Sometimes I’m amazed that any animals manage to survive in this monstrous machine called “civilization” that we humans have built for ourselves. Even constructions that seem completely innocent can wreak havoc on the other, less “evolved” species.
I thought of all this last week when I got a news release from the environmental law firm Earthjustice announcing a new lawsuit from a coalition of Hawaii organizations against the state Department of Transportation. The reason for the suit? The department’s failure “to address injuries and deaths of three species of critically imperiled seabirds caused by bright lighting at state-operated airports and harbors on Kauai, Maui and Lanai,” according to the lawsuit.
The groups represented by Earthjustice–Hui Ho‘omalu i Ka ‘Aina, Conservation Council for Hawai‘i and the Center for Biological Diversity–assert in their suit that the threatened species Newell’s shearwater and the endangered species Hawaiian petrels and band-rumped storm petrels are all risk from the bright lights at Hawaii’s harbors and airports.
“The seabirds are attracted to bright lights, like those at the department’s airport and harbor facilities,” states the news release. “Indeed, those facilities are among the largest documented sources in the state of injury and death to the birds. The seabirds become disoriented and circle the lights until they fall to the ground from exhaustion or crash into nearby buildings.”
According to Earthjustice, last October the state DOT “abruptly broke off discussions with federal and state wildlife agencies regarding its participation in an island-wide habitat conservation plan to minimize and mitigate harm to the rare seabirds on Kaua‘i.” Now the groups want the DOT “to comply with its obligations under the Endangered Species Act to minimize and mitigate harm to the imperiled seabirds by securing incremental take permit coverage of its activities on all three islands,” according to the news release.
Put simply, the Endangered Species Act of 1973 prohibits activities that “take” (harass, injure or kill) endangered species. Given that some activities will inevitably harm species, organizations like the DOT can first obtain an “incidental take permit” from the U.S. Fish & Wildlife Service, but such permits place various restrictions on the activity. The groups filing the suit allege that the Hawaii DOT never did this.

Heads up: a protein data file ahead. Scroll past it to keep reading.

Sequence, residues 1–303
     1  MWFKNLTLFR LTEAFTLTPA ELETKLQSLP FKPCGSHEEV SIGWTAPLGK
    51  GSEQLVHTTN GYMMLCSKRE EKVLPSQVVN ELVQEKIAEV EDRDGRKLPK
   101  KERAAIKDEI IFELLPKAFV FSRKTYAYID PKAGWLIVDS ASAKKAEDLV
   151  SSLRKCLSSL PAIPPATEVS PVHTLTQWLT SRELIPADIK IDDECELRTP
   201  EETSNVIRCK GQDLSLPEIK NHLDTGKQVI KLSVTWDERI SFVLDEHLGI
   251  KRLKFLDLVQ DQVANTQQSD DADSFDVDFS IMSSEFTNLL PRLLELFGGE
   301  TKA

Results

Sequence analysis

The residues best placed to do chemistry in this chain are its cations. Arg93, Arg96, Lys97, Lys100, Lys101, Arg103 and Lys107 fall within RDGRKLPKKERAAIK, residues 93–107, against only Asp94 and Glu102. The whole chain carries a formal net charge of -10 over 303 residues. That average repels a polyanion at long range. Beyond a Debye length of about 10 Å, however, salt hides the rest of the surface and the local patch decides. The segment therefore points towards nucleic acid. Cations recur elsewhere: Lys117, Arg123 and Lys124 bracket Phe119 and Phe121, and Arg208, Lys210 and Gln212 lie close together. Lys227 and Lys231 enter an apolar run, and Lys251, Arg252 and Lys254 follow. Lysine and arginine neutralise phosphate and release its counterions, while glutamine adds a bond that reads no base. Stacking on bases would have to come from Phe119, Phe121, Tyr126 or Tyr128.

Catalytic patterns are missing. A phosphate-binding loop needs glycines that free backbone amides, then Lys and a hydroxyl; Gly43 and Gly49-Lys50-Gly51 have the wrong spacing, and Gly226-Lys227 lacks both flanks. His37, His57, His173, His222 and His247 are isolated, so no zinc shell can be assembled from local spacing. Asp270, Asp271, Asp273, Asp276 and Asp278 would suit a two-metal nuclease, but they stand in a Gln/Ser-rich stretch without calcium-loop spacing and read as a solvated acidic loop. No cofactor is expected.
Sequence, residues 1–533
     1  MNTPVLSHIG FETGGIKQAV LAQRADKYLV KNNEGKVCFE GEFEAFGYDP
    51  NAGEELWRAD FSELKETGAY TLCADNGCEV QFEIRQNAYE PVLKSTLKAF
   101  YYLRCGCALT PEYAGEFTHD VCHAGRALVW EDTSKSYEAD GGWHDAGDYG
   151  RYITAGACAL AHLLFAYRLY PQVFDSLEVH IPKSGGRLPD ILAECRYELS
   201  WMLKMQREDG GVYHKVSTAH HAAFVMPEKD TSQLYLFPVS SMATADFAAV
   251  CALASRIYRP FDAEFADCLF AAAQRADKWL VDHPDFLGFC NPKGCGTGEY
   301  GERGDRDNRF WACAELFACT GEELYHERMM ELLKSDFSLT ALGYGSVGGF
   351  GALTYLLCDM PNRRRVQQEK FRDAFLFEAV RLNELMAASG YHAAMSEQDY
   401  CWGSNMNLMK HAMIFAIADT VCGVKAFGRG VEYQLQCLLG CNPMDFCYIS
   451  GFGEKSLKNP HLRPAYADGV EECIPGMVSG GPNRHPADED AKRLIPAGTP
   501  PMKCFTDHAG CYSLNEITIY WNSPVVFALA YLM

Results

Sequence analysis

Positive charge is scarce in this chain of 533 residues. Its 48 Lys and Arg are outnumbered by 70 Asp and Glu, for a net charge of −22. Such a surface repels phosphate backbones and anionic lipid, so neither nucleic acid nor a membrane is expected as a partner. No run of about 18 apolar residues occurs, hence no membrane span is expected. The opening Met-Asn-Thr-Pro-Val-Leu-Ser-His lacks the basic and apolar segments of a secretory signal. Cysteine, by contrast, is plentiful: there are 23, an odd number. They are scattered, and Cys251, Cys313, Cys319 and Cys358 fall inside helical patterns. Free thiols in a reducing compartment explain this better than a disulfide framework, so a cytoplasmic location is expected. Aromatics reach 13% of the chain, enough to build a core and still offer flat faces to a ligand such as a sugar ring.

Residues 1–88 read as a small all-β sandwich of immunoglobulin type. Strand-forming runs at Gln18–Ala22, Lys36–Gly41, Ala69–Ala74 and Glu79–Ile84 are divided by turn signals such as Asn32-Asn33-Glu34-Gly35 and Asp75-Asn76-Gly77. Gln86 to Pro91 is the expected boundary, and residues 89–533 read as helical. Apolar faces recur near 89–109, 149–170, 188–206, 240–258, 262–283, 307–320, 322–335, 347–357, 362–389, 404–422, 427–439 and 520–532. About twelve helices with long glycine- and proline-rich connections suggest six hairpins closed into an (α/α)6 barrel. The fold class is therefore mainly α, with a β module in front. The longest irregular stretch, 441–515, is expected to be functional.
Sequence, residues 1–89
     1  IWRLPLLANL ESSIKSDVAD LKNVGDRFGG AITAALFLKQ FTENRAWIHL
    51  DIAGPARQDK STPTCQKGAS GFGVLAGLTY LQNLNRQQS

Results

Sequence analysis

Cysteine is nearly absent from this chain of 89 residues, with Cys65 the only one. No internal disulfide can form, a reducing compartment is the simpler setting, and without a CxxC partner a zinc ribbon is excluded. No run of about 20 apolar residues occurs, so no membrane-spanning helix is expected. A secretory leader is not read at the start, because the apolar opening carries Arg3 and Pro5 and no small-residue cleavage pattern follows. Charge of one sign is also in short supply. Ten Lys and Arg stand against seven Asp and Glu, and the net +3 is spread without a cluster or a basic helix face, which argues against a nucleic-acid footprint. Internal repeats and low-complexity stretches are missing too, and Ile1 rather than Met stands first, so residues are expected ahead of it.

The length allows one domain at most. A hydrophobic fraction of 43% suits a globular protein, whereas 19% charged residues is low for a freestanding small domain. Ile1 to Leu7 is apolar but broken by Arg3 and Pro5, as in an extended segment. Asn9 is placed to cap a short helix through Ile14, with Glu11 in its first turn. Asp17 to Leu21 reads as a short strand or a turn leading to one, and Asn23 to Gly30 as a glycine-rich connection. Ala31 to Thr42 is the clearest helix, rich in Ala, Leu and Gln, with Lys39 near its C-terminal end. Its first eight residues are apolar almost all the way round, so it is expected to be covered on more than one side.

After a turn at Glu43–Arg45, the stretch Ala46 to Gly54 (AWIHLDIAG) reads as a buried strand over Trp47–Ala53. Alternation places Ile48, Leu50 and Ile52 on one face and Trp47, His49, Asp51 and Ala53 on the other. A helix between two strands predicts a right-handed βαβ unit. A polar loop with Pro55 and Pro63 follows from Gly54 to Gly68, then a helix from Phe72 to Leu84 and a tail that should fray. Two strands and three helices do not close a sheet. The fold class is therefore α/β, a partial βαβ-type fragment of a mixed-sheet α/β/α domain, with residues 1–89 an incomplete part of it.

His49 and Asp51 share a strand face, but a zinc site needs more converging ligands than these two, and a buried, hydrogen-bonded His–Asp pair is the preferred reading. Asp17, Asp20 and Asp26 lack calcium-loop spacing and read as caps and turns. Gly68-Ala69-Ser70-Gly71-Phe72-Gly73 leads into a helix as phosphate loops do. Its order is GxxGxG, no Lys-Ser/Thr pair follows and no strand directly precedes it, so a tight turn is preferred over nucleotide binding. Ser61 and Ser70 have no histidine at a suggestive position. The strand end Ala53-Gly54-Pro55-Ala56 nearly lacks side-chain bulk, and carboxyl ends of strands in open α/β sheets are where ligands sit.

“The tragic deaths of these endangered seabirds were preventable,” said Brian Segee, an attorney at the Center for Biological Diversity, in the Aug. 23 news release. “The Department of Transportation can’t keep ignoring the Endangered Species Act. The department needs to do right by these amazing birds and improve conditions on the ground to offset the real harm caused over the years by these very bright lights.”
For its part, the DOT denies that it’s done anything wrong. Indeed, though DOT officials refused to comment on the specifics of the lawsuit, they did release a rather long statement to the press on Aug. 24:
“The Hawaii Department of Transportation (HDOT) is tasked with the essential role of ensuring safe transportation facilities for the citizens of Hawaii as well as the millions of visitors to the Islands each year,” says the DOT statement. “HDOT also plays another critical role–that of a trustee of the State’s environmental resources which requires it to conserve and maintain natural resources for the benefit of all the citizens of the State. HDOT takes both of these responsibilities extremely seriously and always seeks to identify ways to improve management of its facilities for the benefit of natural resources while maintaining safe operations.
“In the past several years, HDOT has proactively evaluated ways that its facilities can be operated in a manner that is most protective of all of the Islands’ sensitive resources, including threatened and endangered seabirds and other species. For example, HDOT recently expended hundreds of millions of dollars to install energy efficient lighting improvements at the State airports and commercial harbors to avoid impacts to sensitive species on the Islands as well as millions of dollars to safely translocate the endangered Nene away from airport facilities. HDOT has been and continues to be actively engaged with the U.S. Fish and Wildlife Service, the agency charged with overseeing implementation of the federal Endangered Species Act, to ensure that the facilities are operated in ways that are consistent with federal laws and policies. HDOT has also been open to meeting with environmental groups and other interested parties to explore effective ways of further benefiting listed and sensitive species.
“Given its steadfast commitment to protecting Hawaii’s listed species, HDOT was disappointed to learn today that Earthjustice filed a lawsuit alleging that state-operated airports and harbors on Kauai, Maui and Lanai have resulted in unauthorized take of federally listed seabirds. HDOT will vigorously defend the State’s interest in this suit. While HDOT cannot comment on the specific allegations in an active lawsuit, it does want to reaffirm its commitment to operate its facilities in manners which are protective of all sensitive species and are consistent with legal requirements.”
Photo of band-rumped storm petrel: Andre Raine KESRP/Flickr